How a Mexican Music Video Is Adding to the Debate Against Violence in Women in That Country

As production values go, “Fuiste Mia” (“You Were Mine”) by Mexican-American singer Gerardo Ortiz is pretty polished. It’s the subject matter–femicide, the killing of women–that is of concern. One stat says that 47% of all women in the country have been subject to some sort of sexual violence. This video is loaded with that.

Ortiz also likes to sing narcocorridos, tales of drug runners and dealers, the sort of people responsible for thousands of deaths in Mexico over the last decade. Rather than condemn their actions, narco ballads often sympathize with or romanticize the villains and their deeds, which explains why singing or playing narcocorridos are banned in many parts of Mexico.  They’re considered too dangerous and too inflammatory.

“Fuista Mia” tickets both of these boxes–and the outrage is spreading.

I went looking for the video to put everything in context, but Vevo–the music industry’s official YouTube channel–has taken it down despite 25 million views.

Vevo notice

But this being the Internet, you can almost always find what you’re looking for.

See what I mean? Stuffing someone in a trunk and then setting the car on fire is something narcos like to do. The fact that the woman in this video is sexually assaulted and then jammed in the trunk while still in her lingerie is…well, you can understand the anger.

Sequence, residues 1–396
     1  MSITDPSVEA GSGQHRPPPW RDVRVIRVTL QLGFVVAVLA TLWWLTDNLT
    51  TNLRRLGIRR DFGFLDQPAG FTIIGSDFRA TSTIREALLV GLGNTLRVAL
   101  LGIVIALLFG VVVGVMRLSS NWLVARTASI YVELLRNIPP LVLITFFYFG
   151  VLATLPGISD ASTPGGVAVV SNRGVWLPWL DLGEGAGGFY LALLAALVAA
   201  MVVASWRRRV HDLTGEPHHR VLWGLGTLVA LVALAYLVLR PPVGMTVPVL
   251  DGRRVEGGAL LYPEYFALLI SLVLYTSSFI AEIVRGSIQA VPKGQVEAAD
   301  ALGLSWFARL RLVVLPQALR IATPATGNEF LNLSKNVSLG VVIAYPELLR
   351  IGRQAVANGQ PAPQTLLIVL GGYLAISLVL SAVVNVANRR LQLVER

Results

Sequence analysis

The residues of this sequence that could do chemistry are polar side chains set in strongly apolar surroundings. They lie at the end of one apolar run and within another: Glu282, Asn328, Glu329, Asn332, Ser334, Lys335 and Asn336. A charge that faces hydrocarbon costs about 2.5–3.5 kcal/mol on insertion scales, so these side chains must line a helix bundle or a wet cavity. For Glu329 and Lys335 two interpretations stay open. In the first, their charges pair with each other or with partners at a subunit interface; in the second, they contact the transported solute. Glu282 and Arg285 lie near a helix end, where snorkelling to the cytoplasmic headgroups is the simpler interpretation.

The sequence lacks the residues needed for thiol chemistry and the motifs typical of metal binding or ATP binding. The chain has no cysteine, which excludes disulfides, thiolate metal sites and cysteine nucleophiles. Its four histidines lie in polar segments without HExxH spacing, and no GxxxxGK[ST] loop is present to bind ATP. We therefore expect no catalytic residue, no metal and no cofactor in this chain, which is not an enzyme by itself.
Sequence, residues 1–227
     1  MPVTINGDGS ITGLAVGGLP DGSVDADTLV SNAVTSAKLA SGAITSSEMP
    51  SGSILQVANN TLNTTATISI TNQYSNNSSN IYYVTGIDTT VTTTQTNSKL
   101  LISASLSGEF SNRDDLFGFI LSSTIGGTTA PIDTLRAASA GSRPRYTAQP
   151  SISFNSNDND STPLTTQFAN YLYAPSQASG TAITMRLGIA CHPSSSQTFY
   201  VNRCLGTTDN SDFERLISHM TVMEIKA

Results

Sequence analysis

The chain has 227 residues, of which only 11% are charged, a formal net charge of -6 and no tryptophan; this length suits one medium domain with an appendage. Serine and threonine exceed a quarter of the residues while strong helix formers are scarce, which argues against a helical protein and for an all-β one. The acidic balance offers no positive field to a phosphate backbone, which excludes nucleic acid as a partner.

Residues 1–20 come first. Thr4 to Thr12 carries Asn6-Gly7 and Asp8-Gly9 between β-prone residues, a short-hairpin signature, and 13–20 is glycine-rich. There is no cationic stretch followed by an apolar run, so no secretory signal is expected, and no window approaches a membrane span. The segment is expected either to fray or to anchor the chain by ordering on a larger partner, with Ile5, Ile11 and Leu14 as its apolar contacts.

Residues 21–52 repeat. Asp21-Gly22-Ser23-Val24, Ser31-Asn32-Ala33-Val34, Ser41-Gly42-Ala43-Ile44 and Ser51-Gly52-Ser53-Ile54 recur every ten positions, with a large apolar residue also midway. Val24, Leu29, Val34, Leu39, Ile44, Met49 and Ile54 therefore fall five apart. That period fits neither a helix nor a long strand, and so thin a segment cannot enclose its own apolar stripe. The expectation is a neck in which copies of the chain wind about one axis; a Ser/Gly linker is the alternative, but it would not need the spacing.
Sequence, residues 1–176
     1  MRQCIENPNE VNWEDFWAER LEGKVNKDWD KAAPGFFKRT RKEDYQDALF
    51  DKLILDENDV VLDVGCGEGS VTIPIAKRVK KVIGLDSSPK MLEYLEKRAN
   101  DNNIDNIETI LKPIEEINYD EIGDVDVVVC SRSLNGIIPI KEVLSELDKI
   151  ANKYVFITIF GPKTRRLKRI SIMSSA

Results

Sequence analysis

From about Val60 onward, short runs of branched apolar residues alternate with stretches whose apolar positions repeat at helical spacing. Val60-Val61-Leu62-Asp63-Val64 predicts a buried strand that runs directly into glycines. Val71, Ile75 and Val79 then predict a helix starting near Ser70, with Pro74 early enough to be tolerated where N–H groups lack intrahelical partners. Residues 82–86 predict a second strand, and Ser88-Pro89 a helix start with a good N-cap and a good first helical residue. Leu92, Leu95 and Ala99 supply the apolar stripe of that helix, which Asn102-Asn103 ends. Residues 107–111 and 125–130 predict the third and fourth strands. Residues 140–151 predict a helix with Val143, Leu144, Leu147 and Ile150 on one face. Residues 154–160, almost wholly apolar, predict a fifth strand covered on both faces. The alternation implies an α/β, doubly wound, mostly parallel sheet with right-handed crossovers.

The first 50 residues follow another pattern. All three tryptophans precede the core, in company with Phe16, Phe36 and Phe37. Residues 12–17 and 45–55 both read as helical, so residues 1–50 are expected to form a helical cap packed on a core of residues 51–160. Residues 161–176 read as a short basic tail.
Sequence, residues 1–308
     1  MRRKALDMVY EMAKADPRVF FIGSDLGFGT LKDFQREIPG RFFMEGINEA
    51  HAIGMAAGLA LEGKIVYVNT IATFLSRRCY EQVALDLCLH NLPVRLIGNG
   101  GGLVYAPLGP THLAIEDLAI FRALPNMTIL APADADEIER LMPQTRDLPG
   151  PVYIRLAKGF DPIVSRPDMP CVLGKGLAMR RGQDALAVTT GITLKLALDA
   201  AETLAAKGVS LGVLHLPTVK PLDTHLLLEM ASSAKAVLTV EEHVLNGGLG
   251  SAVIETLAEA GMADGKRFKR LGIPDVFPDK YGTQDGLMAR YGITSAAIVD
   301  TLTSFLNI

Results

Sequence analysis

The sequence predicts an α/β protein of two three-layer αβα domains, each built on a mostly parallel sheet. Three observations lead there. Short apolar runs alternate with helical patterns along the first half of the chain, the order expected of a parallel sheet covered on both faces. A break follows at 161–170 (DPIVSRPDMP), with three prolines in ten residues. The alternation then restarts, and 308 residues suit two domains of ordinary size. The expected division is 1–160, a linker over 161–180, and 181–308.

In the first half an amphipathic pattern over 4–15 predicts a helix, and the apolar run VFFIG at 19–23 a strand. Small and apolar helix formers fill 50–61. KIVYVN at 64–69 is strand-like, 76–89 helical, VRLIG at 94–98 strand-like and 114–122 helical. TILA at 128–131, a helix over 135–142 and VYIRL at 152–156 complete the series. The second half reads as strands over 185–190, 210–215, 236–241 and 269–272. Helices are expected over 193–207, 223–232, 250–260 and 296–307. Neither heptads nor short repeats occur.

And it gets better. Authorities in the western state of Jalisco (the state with the second-worst level of femicide in the country) noticed something familiar about the house in the video. Turns out they had raided the place years ago, seizing six AK-47s and–wait for it–a grenade launcher. They would like to talk to Ortiz about how he came to know about this particular house and why it was the setting for “Fuista Mia.”

The outcry got so bad that Ortiz held a press conference, but this has done little to calm the backlash. Read more on the story here.

 

 

Alan Cross

is an internationally known broadcaster, interviewer, writer, consultant, blogger and speaker. In his 30+ years in the music business, Alan has interviewed the biggest names in rock, from David Bowie and U2 to Pearl Jam and the Foo Fighters. He’s also known as a musicologist and documentarian through programs like The Ongoing History of New Music.

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